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Not very long ago, I was making a healthy salary in technology. I worked at huge success companies: one is now a billion-dollar unicorn, and another is on course to becoming one. For a period, I managed my day job and my dream. But there came a clear point when I knew I couldn’t do the both. It took a culmination of events, failures, and changes to go from comfortable money to pouring everything I had and had saved on my dream. Today, at the helm of a fast-growing company of almost 50 people, it’s a daily circus of risks. But I wouldn’t have it any other way.
Are you, like I once did, living 2 worlds? How do you know and when do you know? Perhaps answering these questions may help. Remember there is no right answer here. The only right answer is the honest one, and you only need to answer to yourself.
A. Yes, and Yes
B. Yes, No
C. No, No
Nothing influences your decision to quit your day job more than having other lives dependent on you. As a parent, it is your decision to raise your children on simple minimums or more extravagant love. Whatever that monthly amount, if you are at answer (B) you may be making a rash decision quitting the day job.
A. Go back to a day job,
B. If after everything my venture fails, I’ll start another business
Entrepreneurship is a way of thinking and a permanent lifestyle choice. There is no fairy godmother to wave dreams come true overnight. It’s perseverance in the face of endless heartbreak before any real success happens. If the day job is a backup to rush back to after 12 months, then it’s perhaps not a good idea to leave it at all in the first place
A. Nope. Even making CEO at my corporate job would not excite me
B. I love it, promotions and pay hikes validate my hard work. I want to make VP/CXO of this company some day
If you said (A), I felt like you do. I knew it was time to leave my day job because when I imagined all the promotions to the top, the vision of success did not animate me. At the same time, I know hyper-sharp, wonderful people that make promotions every year and love the climb. What floats your boat?
A. Married by 29, kids by 34, VP by 35, $$M saved by 40. I get a rush knowing I am doing better than my circle of friends
B. What matters is having total control of the steering wheel. I thrive on change and edit the plan as I go
Early stage companies manage daily turmoil. You need to acknowledge a life where daily change is the norm, not the exception. Is (B) you?
A. What else will I take a chance on if not myself?
This stressful situation shall pass. I tackle what comes my way and I always come out stronger.
B. Going to plan makes me feel in control. By being intelligent and proactive, I eliminate risk and stress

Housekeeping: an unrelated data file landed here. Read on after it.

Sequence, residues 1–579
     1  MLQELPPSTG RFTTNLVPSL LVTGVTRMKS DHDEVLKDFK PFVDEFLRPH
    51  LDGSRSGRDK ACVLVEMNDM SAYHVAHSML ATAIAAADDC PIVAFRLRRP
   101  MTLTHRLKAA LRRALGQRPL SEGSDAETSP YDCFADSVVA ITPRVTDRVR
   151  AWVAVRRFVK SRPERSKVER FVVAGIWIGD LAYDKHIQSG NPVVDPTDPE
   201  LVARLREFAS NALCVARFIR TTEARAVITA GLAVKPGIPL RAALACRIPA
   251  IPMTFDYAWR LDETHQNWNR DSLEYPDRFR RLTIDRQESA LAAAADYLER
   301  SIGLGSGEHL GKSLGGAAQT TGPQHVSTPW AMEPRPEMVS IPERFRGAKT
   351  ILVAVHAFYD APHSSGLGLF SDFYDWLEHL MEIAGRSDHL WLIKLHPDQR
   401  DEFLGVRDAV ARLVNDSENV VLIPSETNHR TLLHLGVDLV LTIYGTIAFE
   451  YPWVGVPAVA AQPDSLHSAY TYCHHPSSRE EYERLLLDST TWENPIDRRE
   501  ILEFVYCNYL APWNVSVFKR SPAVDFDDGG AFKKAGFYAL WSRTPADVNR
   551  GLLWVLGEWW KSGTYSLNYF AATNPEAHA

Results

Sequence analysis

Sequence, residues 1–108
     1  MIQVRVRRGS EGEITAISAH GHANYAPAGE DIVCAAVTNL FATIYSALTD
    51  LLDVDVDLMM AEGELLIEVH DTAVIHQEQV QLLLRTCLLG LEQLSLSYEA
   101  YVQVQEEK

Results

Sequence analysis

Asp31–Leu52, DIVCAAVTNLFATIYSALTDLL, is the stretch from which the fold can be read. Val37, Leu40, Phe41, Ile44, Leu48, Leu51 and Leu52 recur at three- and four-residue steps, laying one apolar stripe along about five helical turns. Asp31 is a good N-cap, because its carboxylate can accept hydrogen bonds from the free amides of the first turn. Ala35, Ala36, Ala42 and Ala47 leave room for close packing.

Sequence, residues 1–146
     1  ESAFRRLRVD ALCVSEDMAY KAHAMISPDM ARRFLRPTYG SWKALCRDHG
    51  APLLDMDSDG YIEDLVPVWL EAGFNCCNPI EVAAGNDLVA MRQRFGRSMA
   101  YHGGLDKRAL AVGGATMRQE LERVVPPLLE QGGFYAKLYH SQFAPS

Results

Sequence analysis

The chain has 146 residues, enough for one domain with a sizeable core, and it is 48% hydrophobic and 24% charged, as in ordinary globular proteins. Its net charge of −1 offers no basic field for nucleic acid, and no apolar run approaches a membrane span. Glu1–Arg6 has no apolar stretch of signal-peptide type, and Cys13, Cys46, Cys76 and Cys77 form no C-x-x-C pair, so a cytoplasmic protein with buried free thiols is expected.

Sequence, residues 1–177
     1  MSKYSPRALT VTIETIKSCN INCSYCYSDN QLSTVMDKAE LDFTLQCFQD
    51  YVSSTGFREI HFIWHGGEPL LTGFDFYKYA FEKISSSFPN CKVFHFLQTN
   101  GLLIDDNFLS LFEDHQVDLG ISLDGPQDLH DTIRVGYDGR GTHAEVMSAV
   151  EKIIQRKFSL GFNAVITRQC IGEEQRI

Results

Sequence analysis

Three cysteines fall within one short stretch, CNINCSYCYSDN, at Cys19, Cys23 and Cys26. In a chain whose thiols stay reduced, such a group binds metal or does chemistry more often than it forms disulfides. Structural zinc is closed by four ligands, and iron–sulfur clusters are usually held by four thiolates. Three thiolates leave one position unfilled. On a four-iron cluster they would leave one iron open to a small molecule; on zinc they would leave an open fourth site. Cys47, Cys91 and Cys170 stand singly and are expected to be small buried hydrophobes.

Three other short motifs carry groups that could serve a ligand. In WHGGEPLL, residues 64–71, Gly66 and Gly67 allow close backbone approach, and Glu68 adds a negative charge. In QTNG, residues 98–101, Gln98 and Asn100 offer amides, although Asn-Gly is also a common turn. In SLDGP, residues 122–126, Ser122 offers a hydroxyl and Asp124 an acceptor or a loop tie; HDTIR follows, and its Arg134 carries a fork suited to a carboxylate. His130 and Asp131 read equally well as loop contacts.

I don’t think I understood what ultra-high, palpitation inducing stress was until I started running a company. Answering (A) theoretically only part prepares you for facing the stress. But over time, you learn to control the risks, and feel in control no matter the upheavals.
A. Yes, and it sucked. But I wouldn’t be who I am or where I am if not for learning from those failures
B. Not that I can think of. Failure scares me, I wonder how I would fare with failure.
Entrepreneurship is lonely, it is heat break, heart burn, self-doubt, many ultra-crappy days. But if you have failed BIG before (not a failed test or a drunken Instagram picture), it prepares you for this step. If you’ve lost all your money on your last venture, been fired, divorced – you are a survivor. You know how to fail and get back up on your feet. You know that the key is to take baby steps. One day, one small challenge at a time.
A. It is important I prove myself to others.
B. I only compare myself to me. I am first accountable to myself.
If you answered (B), you know to block out others’ voices. People may be well intentioned but their expectations and ideas can drive you nuts. Answering to others, comparing to others’ lives or progress is a death knell for an entrepreneur’s idea
A. Money drives me but does not define me. The idea of losing my money does not impact my self-worth.
B. I cannot put everything I’ve worked hard for at risk. Losing my hard-earned money would devastate me.
Ironically the willingness to put all at risk allows you to mentally invest in building a higher-value future. If you’re at (A), you’re able to look at NOT what you may be losing but how much more you can build when you invest in yourself
A. Making my own destiny and risking all if needed to make my dreams come true. Enjoying every moment of the ride following my purpose.
B. Following a plan and structure. I am proud of my salary, and the career I have built. Enjoying every moment of the ride following my purpose.
You see both answers to question 9 lead to the same answer. Because there isn’t one right answer. The right answer for you is the one which leads you to your purpose.
I didn’t go through a list like this to decide if it was time to quit my job. If I’d tried this list, I may not have known where I lay on some of the questions. To others, my answers may have led me to believe I wasn’t ready for the jump. In just the few years I’ve started my company, my thinking has evolved drastically. And yours will too. Who you are when you take the plunge is NOT WHO YOU WILL BE a year or 2 after you take the plunge. You take the risk because you know you will deal with whatever comes your way as it comes. And sometimes that conviction is all you need to make the decision.
The media and press glamourize the entrepreneur, the risk-taking adventurer. It’s a bunch of hackneyed, suffocating hype. True glamour and honor comes from knowing who you are, knowing what drives you and makes you happy. It takes courage to take the plunge into entrepreneurship. And it takes equal courage and honesty and spine to announce to yourself, and your world that being an entrepreneur isn’t really you.
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